Nearly a third of people in Suffolk have not been able to get dental appointments amid "alarming" new figures around the county's dentistry decline. 

Ipswich councillors met last week to discuss the ongoing issue, which has previously raised comments the county is a "dental desert". 

Cllr Jessica Fleming presented to the health scrutiny committee that dental treatments in Suffolk have plummeted 60 per cent since 2020-21, from 549,000 before the pandemic to 224,300.

The statistics also highlighted 31 per cent of the Suffolk population was not able to get a dental appointment, compared to 9 per cent for the rest of England.

This is despite Suffolk GPs reporting a 100 per cent increase in the need for urgent dental support since March 2020.

The University of Suffolk is set to launch at the end of this year 10 fully-equipped dental surgery units in the James Hehir building, with the aim of creating 18,000 hours of NHS-only dental appointments a year.

Part of the councillors’ discussion involved systematic problems in how the dental industry works in the UK, particularly regarding pay.

Cllr Tony Blacker said: “These figures are alarming — as of yesterday, not a single dental practice in Suffolk is taking NHS patients, except for one.

“The dentists feel it doesn’t cover their costs. It’s not that they’re not being paid enough, they have to pay to see a NHS patient. Nobody in the right mind is going to do that.”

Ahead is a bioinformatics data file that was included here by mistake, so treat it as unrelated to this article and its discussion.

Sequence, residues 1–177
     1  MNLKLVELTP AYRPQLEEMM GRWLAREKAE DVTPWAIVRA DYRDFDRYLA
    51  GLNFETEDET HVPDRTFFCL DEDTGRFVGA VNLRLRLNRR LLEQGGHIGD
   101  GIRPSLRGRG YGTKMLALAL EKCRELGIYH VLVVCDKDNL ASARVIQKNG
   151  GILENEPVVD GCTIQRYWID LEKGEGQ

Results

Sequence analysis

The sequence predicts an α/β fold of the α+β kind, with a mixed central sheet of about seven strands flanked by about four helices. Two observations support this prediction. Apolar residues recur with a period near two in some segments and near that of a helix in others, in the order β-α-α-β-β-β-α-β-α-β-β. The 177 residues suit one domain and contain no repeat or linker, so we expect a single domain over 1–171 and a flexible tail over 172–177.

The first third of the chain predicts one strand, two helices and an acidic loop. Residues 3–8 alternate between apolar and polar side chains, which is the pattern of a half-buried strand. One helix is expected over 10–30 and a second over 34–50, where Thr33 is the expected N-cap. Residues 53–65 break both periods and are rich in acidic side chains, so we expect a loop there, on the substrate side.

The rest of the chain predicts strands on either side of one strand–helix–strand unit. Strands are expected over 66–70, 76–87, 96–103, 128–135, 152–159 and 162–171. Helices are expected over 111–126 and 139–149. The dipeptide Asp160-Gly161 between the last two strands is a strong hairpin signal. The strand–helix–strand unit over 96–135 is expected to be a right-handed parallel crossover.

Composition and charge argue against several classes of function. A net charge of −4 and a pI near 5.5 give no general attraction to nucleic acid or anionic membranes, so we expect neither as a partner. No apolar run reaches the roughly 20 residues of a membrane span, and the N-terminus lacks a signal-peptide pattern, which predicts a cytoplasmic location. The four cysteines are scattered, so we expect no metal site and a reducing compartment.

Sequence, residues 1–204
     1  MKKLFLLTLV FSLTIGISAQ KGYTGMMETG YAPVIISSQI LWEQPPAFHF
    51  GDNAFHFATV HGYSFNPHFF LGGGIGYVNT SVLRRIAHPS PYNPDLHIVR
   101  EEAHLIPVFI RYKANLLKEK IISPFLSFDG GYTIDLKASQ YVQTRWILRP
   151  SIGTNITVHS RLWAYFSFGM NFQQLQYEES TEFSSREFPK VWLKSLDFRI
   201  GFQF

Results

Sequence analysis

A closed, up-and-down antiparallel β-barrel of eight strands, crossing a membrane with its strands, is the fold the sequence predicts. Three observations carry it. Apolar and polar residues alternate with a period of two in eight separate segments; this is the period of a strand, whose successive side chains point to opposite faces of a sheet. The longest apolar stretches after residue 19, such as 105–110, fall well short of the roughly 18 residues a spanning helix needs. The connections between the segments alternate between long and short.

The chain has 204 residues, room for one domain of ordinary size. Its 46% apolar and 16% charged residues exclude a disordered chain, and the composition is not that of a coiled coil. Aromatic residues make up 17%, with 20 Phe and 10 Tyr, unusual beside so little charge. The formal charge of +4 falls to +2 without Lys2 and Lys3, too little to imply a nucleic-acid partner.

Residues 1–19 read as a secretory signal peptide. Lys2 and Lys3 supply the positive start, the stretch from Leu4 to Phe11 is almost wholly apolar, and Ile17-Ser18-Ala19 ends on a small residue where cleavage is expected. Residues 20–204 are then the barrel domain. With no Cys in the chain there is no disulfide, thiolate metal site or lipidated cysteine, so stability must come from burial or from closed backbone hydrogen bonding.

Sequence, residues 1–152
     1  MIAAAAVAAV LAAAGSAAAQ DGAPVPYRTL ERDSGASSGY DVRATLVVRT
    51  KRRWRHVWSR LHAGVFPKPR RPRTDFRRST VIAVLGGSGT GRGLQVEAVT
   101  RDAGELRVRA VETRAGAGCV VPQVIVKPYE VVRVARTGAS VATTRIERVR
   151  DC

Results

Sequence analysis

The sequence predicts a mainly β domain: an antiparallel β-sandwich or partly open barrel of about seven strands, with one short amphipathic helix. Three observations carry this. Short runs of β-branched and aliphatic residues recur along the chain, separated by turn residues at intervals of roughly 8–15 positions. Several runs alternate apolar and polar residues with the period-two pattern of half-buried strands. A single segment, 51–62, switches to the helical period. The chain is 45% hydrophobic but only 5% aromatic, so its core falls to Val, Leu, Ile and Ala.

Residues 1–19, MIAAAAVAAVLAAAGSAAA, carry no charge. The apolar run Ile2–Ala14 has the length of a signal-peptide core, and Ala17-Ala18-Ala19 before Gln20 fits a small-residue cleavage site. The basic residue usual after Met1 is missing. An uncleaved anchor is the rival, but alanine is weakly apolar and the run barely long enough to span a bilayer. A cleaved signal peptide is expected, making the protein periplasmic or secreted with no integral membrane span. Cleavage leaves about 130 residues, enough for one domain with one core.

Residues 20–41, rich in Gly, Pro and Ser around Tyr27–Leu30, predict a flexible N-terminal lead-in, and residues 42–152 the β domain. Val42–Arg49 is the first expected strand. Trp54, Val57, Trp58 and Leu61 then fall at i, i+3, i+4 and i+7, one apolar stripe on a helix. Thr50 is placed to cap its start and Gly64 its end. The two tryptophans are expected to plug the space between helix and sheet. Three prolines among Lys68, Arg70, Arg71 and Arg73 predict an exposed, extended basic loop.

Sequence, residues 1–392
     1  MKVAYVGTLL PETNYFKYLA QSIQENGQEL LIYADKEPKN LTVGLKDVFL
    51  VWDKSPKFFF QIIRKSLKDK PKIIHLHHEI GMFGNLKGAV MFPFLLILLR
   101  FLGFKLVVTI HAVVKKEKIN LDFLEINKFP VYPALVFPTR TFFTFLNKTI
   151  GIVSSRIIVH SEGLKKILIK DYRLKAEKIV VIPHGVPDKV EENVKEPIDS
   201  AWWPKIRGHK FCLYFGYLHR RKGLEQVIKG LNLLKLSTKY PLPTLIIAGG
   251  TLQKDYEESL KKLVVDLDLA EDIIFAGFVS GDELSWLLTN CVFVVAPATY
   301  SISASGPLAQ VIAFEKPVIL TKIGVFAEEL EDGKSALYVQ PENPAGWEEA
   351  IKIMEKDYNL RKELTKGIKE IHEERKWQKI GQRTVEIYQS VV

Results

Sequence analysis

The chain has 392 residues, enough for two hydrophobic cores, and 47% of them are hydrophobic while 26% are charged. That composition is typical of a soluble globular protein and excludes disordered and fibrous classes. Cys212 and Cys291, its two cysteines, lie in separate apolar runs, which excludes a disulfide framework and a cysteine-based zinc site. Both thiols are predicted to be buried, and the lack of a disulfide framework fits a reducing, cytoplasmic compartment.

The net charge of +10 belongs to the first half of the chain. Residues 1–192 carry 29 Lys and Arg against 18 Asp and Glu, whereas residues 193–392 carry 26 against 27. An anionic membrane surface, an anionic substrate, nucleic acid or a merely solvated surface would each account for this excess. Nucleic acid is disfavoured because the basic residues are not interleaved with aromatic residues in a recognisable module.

One area the meeting discussed was the impact of The Units of Dental Activity (UDA) which forms part of the NHS dental contract and represents the value given to specific courses of treatment. 

However, the work being done by dentists is oftentimes grouped into the same UDA band. This means dentists are sometimes paid the same for some procedures regardless of how challenging they are.

It has proven a key point why many practices have chosen to go private. 

Cllr Fleming added: “The way the UDA system operates is not fit for purpose and changing it is not easy, but it really does need to change.

“The NHS system doesn’t always reward dentists for something challenging. Some procedures are not funded by the NHS but are vital for someone to keep their teeth.”

At the meeting, councillors brought up the idea of the possible introduction of a period where dentist graduates had to work for the NHS.

This, however, was not followed by any mitigating factors regarding the graduate’s loss of agency.

Dentistry is due to come back to the table for councillors over the coming months as more information regarding ICB performance comes out.

Cllr Fleming said: “It’s a complex problem — we lose so many of our dentists, doctors, and other medical professionals and what we can do about is outside our capacity.”